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Russia thinks it’s found a way around US dollar bond payment blockade


Russian Finance Minister Anton Siluanov (pictured here in 2019 alongside Russian President Vladimir Putin) said that Moscow would continue to pay its external debts in rubles. But, for payments to be received from Russia, Eurobond holders abroad will have to open accounts in Russian currency and ruble with Russian banks.

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Russia has a new method of circumventing U.S. Sanctions that block Moscow’s ability to pay its foreign investors dollar-denominated bonds.

After the historic default, the country will be in debt for the first time since then. U.S. Treasury Department last week allowed a key sanctions exemption to expire. Russia was able to make payments in dollars to foreign bondholders through U.S. or international banks under the waiver, thus avoiding default.

Russian Finance Ministry sent $100 million to its domestic settlement agency in interest payments for two Eurobonds. The money was wired in rubles by the Russian Finance Ministry. But if it doesn’t find its way into the accounts of bondholders overseas, it could constitute default.

The payments carry a 30-day grace period, after which Russia could be declared to have defaulted on its foreign currency debt for the first time since the Bolshevik revolution in 1917, despite the Kremlin claiming to have ample cash to pay — an unprecedented situation for a major economy.

The government is still due to pay $2 billion more in taxes before the end the year. Some bonds issued after 2014 may be paid in rubles, or in other currency, depending on the contract.

According to Russian media Vedomosti, Anton Siluanov, Russian finance minister, said Monday that Moscow would continue to pay external debts in rubles. However foreign Eurobond holders must open Russian ruble or hard currency accounts to receive payment.

He said that he was able to pay for the gas by paying in roubles. According to Reuters translation, he claimed.

Siluanov proposed that the settlement mechanism will work in the exact same way, but in an opposite direction. It would flow through Russia’s National Settlement Depository. The NSD isn’t currently under U.S. sanctions, unlike major Russian financial institutions.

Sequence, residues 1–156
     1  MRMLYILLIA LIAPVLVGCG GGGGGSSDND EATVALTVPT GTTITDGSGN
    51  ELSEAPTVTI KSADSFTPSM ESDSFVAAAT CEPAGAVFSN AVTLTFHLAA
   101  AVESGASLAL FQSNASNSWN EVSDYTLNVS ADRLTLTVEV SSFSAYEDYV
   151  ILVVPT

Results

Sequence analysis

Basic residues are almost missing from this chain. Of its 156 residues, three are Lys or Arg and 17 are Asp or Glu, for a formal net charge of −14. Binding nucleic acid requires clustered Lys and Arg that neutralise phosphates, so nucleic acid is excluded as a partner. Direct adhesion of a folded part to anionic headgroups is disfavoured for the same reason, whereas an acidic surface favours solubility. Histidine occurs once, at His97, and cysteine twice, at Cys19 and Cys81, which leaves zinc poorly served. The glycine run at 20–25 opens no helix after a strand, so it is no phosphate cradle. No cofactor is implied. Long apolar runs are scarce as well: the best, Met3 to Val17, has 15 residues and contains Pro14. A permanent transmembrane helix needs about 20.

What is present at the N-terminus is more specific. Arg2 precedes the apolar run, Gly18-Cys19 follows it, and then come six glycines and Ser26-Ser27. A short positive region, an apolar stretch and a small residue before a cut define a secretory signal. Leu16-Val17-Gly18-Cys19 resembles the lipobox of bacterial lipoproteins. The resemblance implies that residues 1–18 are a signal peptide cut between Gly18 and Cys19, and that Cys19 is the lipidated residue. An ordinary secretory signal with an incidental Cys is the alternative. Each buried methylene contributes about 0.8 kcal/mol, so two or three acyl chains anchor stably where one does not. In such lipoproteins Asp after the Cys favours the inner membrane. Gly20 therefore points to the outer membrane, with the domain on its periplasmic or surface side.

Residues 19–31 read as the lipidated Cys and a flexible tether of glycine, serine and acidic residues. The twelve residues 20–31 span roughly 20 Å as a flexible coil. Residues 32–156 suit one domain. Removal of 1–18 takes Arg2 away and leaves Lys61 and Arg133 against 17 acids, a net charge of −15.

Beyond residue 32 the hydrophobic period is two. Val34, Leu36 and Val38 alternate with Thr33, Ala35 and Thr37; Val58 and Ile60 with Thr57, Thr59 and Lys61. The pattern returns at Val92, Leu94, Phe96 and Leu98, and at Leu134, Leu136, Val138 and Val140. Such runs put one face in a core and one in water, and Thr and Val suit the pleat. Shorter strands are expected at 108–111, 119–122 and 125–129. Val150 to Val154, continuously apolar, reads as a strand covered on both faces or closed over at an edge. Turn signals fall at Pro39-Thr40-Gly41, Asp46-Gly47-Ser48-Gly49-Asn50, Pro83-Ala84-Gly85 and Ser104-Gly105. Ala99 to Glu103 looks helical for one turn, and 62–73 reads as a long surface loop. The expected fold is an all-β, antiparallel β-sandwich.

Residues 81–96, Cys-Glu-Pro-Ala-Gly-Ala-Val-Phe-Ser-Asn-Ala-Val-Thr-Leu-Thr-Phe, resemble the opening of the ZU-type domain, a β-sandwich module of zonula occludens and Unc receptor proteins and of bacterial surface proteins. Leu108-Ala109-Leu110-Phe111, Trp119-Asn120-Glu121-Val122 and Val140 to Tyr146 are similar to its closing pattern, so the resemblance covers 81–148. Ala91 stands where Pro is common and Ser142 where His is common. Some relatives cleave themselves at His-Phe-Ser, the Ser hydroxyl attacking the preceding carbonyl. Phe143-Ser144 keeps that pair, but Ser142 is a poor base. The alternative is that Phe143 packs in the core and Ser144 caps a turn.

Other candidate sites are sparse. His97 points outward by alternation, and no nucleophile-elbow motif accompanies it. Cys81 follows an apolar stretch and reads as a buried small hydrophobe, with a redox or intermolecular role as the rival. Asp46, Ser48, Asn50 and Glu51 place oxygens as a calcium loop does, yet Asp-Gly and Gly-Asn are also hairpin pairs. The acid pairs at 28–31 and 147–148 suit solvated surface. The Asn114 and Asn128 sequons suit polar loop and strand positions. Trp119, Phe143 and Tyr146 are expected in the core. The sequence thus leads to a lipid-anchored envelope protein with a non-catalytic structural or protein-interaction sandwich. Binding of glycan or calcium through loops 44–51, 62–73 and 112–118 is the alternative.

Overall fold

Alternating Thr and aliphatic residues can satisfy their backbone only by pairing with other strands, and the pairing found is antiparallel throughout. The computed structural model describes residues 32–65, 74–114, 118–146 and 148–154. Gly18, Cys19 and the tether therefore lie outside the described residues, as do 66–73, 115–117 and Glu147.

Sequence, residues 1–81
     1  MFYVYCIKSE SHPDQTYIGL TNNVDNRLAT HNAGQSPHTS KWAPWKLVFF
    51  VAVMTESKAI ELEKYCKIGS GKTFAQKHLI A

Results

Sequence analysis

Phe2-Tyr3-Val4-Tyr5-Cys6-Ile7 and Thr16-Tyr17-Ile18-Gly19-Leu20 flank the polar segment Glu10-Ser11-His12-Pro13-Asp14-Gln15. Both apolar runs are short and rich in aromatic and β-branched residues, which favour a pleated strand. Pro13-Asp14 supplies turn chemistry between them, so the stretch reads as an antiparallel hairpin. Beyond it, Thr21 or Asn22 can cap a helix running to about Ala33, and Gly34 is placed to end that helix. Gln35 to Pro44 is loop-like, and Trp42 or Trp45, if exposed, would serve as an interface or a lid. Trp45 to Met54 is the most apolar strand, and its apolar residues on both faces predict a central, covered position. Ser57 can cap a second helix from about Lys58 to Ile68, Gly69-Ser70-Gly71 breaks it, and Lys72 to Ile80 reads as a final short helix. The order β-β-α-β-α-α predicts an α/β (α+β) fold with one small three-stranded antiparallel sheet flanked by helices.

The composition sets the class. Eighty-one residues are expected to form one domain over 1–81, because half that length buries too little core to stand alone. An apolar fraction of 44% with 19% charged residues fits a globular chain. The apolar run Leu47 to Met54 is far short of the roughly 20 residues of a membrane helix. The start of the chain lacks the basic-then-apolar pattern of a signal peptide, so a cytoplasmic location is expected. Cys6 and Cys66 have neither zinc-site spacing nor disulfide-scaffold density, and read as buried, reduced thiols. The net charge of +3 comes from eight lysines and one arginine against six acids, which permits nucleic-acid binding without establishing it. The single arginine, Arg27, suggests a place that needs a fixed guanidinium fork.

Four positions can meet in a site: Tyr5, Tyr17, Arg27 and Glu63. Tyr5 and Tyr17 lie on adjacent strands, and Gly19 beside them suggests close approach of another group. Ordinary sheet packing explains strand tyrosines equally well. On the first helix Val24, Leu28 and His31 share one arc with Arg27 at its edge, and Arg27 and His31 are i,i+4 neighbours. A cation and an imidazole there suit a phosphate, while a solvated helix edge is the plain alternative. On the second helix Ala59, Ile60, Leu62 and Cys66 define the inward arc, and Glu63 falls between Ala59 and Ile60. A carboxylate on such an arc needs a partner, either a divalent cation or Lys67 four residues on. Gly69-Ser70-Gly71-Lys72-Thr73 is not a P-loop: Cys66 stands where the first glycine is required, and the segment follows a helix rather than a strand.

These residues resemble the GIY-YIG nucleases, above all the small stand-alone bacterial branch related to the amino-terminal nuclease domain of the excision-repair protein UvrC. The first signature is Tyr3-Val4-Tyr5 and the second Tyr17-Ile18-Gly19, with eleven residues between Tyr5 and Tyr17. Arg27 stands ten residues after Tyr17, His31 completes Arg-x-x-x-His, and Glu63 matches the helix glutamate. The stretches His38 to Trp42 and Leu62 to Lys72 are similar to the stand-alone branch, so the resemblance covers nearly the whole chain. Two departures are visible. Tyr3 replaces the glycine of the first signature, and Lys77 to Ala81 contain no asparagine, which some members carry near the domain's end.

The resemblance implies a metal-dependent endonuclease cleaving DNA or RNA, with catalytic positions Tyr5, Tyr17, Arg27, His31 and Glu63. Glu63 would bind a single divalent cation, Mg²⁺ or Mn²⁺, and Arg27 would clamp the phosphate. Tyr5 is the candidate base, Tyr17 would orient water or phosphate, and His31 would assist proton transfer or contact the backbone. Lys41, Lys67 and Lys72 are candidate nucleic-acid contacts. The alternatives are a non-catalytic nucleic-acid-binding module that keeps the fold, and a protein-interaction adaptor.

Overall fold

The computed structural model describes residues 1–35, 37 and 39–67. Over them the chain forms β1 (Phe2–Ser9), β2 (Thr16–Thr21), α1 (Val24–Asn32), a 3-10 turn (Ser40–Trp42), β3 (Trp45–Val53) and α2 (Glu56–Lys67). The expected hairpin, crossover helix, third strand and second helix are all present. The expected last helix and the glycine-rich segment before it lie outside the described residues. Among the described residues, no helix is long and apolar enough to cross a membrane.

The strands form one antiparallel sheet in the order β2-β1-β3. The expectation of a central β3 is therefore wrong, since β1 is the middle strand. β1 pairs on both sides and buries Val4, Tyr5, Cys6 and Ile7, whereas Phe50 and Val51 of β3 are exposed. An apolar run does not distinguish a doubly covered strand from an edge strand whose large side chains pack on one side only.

On Friday, however, sanctions were imposed by the European Union against NSD. The NSD was intended to process the bond payment payments.

“The rope will run out”

BlueBay Asset Management senior emerging market sovereign strategist Timothy Ash told CNBC Wednesday that Russian authorities are not likely to grant foreign investors permission to open Russian accounts.

It’s not possible. “You’re referring about international companies. U.S. Banks, International banks. This is quite peripheral in the final,” he stated.

The process will cost them a mere couple hundred million dollars and they won’t be able to harm their reputation or expose themselves as compliance risk. They don’t wish to be caught under secondary sanctions by Americans.”

Ash also questioned whether Russia’s plan could prevent it from being declared in default by international agencies or ratings agencies. According to Ash, since all foreign investors won’t be paid because the Treasury Department Office of Foreign Assets Control has blocked any payments in rubles, it is unlikely that they will receive them.

“One of the ways or another, Russia is going to run dry,” he stated, noting that Russia might be in default since two coupons on OFZ-denominated ruble bonds have still to reach bondholders.

Further questions remain about how investors from foreign countries, individuals and institutions alike, might open accounts with Russian banks. Also, how can funds that are held at Russian financial institutions be repatriated, without violating any sanctions. It is possible that bondholders are unwilling to accept this chance, preferring to remain on the right side and comply with sanctions as they go through legal default proceedings.

CNBC’s Adam Solowsky told CNBC that bondholder consent is usually required in order to change the date, time or method of payment. However, non-participating holders could still have claims.

Contagion effect?

When asked, however Ash did not believe there would be an even greater contagion effect should Russia be declared bankrupt. This was in contrast to the Russian financial crises of 1998.

He said that in 1998, foreign exposure was at $60 billion in GKO (Russian Short-Term Zero-Coupon Government Bonds) and the equivalent in external debt markets. “So, it was bigger.”

Russia could stay in default if it enters default. It is because the nature of sanctions and the inability to resolve the crisis in Ukraine. Ash said that this could be why the Kremlin opposes the designation.

“The Americans have said ‘we want Russia to go into default’ so they can only come out of default when America says ‘we’re happy now, you can negotiate with bondholders, all is forgiven’ — so it will remain in default for a long time, so it’s very, very bad for Russia, bottom line,” he said.

They may be able to borrow money from someone, like the Chinese, even if they aren’t in default. Everything changes once they become in default. The Chinese wouldn’t be able to resist.”